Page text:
He then "laid her down on the floor and masturbated" over her inert body. Her lack of consciousness, far from detracting from his pleasure, enhanced it. When he left the girl in that derelict building he didn't know - nor, it seems, care - whether she was unconscious or dead. She was later found wandering the streets: bleeding, crying and confused.
The case was bought to court and astoundingly Black was given an admonishment, a verdict particular to Scottish law which is effectively no more than a warning to be on good behaviour in the future. A naive psychiatric report had been prepared for the court which said that the event was an 'isolated' one, highly unlikely to recur or to mar Black's normal development. Thus by the time he was seventeen, Black had attempted to rape one girl, left another for dead, molested many others, and got away with it.
Unlike the psychiatric report, however, the Social Services probation report viewed the incident as more serious and it was decided that Black should leave Greenock and return to Grangemouth to make a new start. Here he got a job with a builders' supply company and rented a room with an older couple. He also met his first (and last) real girlfriend. According to Black, Pamela Hodgson and he fell in love, developed a sexual relationship and decided to get engaged. Years later he still remembers the 'devastation' he felt when a letter arrived from Pamela after some months telling him that it was over. Perhaps she had heard some of the gossip that was circulating about her boyfriend and his sexual preferences. Or, indeed, that she was beginning to experience them at first hand.
In 1992 after Black had been served with ten summonses, including three for the murder of three little girls, in an attempt to shift the moral responsibility he told officers: "Tell Pamela she's not responsible for all this." This, of course, implied the opposite: that the break-up of their relationship had left him so devastated that she had driven him to murder.
Although Black claims that while he was seeing Pamela he did not molest any girls, he was forced to leave Grangemouth for just that. Black's mounting obsession with little girls, and his fascination with their vaginas, would not have disappeared during his relationship with Pamela - although he may have had less opportunity to act out his desires - and they resurfaced in 1966. This time the victim was the nine- year- old granddaughter of his landlord and landlady. The abuse took the same form as it had previously, with Black looking at, touching, and putting his fingers inside the girl’s vagina. She eventually told her parents, yet it was decided that the police would not be called. It was felt that the girl had been through enough and Black was ordered to leave the house.
Cycle of Fantasy
Gossip spreads quickly in small towns. Sacked from his job without reason, and his place in the community undermined, Black headed back to Kinlochleven where he had been brought up. Again he took a room with a couple who had a young daughter, and again the inevitable happened. The seven-year-old girl was subjected to the same type of digital intrusion that was typical of Black’s behaviour. When the abuse came to light Black was not so fortunate as he had been in Grangemouth and the police were called to deal with the situation. In March 1967 Black was found guilty of three counts of indecent assault and sentenced to a year of borstal training to be served at Polmont, near Grangemouth.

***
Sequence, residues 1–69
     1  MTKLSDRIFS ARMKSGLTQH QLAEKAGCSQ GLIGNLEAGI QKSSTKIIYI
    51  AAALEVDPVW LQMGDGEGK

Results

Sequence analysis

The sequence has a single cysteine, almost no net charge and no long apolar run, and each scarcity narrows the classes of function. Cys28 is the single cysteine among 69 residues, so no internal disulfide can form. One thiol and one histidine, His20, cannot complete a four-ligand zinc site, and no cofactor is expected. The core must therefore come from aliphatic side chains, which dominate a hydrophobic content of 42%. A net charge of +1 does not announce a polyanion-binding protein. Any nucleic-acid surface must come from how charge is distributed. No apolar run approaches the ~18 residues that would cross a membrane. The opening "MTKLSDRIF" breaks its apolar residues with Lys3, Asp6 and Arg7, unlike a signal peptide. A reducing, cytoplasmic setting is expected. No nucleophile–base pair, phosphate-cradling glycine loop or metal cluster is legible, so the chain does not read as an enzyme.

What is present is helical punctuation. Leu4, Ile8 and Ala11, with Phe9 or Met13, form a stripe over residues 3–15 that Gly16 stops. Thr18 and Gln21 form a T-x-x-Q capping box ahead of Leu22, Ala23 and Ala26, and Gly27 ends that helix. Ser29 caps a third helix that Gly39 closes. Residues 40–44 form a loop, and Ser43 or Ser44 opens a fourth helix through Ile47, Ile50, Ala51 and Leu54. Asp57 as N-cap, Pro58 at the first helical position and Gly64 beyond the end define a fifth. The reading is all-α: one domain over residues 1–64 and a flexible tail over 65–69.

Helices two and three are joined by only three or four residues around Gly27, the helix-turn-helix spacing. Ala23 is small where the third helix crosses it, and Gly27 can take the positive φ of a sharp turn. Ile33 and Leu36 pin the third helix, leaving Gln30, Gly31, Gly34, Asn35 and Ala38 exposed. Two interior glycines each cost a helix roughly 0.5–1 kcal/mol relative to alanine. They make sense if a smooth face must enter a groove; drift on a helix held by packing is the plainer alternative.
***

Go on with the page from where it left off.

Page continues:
On his release, Black had tired of Scotland where he was getting too well-known, and where his police record was expanding. It was time to go south, to the anonymity of London. Although he avoided any criminal convictions in the 1970s his obsession with young girls was growing, fuelled by his discovery of child pornography. In the 1970s Black discovered that magazines such as Teenage Sex and Lollitots were clandestinely available, particularly in places like Amsterdam where the pornography laws are less stringent. When Black's room was eventually searched by police in the 1990s they found over a hundred child pornography magazines and over 50 video tapes, with titles such as Lesbian Lolita. When Ray Wyre asked Black what he thought the age of consent should be, Black replied approvingly that someone had once told him that his motto was, "When they're big enough, they're old enough."
When he first arrived in London, Black lived in cheap bed-sits and took casual work where he could find it. His favourite job was that of swimming-pool attendant, where he was sometimes able to go underneath the pool and remove the lights to look at little girls as they swam. At night he used to break into the baths and swim lengths - with a broom-handle lodged up his anus. It wasn’t long before Black became the subject of a complaint from a girl who claimed that he had touched her. The police were called but luck was on Black's side and despite his record he was not charged with any criminal offence, although he lost his job.
When he was not working, Black had developed a liking for darts and was a distinctly useful player. Most of his spare time was spent in pubs: drinking (although never heavily), playing in various darts teams, or doing part-time bar work. Although he enjoyed going to pubs, Black never made any good friends as he was a solitary man. Michael Collier, the former landlord of the Baring Arms in Islington where Black played for the pub team, recalls that: